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Bingo Reform Back to Square One

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North Carolina lawmakers have been trying to resolve a dispute over bingo for years.
RALEIGH — North Carolina lawmakers and have spent months talking about reforming bingo practices, but the study ended abruptly Monday morning with nothing to show for it.

Charities raise more than $30 million a year through bingo. Professional bingo operators raise millions more exploiting an exemption in the law for "beach bingo". Charities complain that the professionals are taking their business, but after months of study and talk the legislature is no closer to policing the games than when it started.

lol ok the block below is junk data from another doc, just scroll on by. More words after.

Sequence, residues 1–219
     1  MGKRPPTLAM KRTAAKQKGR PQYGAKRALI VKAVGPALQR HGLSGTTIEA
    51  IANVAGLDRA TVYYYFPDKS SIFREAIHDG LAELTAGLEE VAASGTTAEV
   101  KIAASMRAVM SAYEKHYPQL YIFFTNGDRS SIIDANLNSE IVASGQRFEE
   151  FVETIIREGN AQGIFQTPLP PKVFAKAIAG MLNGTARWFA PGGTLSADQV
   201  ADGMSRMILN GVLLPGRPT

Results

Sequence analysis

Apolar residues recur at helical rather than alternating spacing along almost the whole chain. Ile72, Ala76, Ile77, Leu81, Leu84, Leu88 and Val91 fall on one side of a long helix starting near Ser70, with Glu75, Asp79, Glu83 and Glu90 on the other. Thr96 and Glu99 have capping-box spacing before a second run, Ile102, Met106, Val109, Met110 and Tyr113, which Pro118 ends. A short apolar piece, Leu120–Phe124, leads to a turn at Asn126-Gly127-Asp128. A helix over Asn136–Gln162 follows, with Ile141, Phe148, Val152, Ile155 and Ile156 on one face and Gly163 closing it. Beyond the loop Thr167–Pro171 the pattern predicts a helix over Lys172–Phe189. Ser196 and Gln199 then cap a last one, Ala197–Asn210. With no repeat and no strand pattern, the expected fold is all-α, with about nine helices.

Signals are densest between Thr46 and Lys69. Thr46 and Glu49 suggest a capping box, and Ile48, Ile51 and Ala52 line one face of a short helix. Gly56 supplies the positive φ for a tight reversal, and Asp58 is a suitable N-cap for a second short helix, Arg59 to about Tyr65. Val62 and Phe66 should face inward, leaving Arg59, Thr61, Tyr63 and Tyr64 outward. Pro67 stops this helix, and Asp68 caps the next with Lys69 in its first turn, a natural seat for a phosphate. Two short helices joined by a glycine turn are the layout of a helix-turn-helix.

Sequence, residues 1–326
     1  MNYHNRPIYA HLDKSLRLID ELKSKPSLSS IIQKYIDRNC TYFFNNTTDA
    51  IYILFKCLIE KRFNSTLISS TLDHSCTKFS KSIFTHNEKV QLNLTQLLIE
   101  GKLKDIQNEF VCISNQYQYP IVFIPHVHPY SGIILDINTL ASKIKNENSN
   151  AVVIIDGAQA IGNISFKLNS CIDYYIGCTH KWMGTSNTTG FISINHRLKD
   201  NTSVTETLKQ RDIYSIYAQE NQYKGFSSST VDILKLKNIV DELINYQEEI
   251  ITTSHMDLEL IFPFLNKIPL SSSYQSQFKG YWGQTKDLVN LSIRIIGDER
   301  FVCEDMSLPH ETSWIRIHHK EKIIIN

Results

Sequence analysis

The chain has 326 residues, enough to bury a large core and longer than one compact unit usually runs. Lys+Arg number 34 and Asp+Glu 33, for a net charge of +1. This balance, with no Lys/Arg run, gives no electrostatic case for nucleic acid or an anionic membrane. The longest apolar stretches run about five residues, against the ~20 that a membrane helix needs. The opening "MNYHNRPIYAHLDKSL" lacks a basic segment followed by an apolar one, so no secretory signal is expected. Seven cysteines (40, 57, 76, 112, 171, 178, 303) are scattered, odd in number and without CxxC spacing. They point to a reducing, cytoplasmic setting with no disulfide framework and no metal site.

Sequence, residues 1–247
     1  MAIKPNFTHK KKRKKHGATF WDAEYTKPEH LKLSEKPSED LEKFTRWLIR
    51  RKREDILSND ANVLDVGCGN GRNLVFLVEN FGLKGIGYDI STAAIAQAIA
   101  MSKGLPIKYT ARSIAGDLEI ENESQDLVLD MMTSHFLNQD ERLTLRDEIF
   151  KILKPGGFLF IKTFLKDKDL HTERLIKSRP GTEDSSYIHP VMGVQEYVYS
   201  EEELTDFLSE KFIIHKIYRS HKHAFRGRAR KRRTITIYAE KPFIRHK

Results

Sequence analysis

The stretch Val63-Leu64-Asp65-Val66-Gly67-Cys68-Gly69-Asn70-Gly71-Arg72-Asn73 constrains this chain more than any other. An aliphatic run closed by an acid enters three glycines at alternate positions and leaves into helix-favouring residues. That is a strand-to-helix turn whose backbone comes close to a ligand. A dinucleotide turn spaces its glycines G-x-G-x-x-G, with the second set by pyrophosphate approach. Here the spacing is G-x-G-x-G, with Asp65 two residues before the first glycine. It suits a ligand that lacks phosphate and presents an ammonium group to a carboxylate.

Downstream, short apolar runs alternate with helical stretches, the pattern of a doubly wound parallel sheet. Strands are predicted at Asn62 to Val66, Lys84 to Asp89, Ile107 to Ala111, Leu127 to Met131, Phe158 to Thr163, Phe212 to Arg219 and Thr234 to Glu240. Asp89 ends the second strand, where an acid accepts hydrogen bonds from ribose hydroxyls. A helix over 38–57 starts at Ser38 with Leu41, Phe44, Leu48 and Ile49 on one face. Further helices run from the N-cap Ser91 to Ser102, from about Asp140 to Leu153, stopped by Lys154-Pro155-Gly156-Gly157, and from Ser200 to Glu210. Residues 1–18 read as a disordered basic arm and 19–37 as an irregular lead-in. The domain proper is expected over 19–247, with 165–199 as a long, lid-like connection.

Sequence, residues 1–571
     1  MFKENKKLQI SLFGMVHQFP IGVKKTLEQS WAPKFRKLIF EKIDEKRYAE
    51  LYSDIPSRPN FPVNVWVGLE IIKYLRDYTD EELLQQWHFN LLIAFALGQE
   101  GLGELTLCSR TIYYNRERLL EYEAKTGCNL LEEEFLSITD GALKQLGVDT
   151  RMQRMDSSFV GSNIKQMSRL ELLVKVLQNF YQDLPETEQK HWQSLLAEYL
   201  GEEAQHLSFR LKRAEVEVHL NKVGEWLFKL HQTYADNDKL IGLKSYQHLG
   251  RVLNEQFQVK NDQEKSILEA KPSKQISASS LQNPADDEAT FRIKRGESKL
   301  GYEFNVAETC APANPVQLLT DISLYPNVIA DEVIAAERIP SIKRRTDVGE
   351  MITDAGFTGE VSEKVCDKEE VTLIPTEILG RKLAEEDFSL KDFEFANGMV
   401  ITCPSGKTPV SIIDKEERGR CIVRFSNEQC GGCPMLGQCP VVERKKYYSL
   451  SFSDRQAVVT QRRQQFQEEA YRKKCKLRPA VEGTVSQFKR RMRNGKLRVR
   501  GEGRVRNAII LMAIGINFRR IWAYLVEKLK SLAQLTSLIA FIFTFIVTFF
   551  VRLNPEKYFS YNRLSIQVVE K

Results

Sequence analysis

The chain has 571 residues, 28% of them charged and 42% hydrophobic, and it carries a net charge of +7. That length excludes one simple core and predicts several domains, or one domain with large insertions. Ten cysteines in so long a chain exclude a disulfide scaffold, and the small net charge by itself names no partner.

So-called charity bingo grosses more money in Cumberland County than the United Way, but little of it goes to charity. And the state's entire bingo industry, as WRAL reported three years ago, is policed by one grandmother in a corner office.

Bonnell Senter says she could use a lot of help because "beach bingo" raises millions more - almost all of it in cash - with little regulation. State law limits beach bingo's cash prizes to $10 a game.

Brenda Brewer of the Charity Bingo Association, says a great many bingo operators are breaking the law.

A legislative subcommittee has spent months drafting tighter restrictions. But this morning the full committee's chairman Rex Baker refused to even consider the new rules saying it was his bill or no bill.

Brewer says it can be very frustrating.

Representative Baker's bill raised less money for enforcement than the subcommittee bill. And charity bingo operators say it didn't level the playing field. He's free to introduce it himself. And the subcommittee can introduce its version. But the whole purpose of the study committee was to resolve these differences before lawmakers come back to town next week. They didn't do that.